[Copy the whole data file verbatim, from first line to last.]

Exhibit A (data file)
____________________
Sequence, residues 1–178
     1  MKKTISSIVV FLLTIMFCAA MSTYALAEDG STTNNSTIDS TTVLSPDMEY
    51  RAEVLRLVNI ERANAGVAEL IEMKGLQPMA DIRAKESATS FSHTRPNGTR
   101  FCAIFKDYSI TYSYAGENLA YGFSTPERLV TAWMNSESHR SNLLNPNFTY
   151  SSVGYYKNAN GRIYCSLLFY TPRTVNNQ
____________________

Sequence, residues 1–178
     1  MKKTISSIVV FLLTIMFCAA MSTYALAEDG STTNNSTIDS TTVLSPDMEY
    51  RAEVLRLVNI ERANAGVAEL IEMKGLQPMA DIRAKESATS FSHTRPNGTR
   101  FCAIFKDYSI TYSYAGENLA YGFSTPERLV TAWMNSESHR SNLLNPNFTY
   151  SSVGYYKNAN GRIYCSLLFY TPRTVNNQ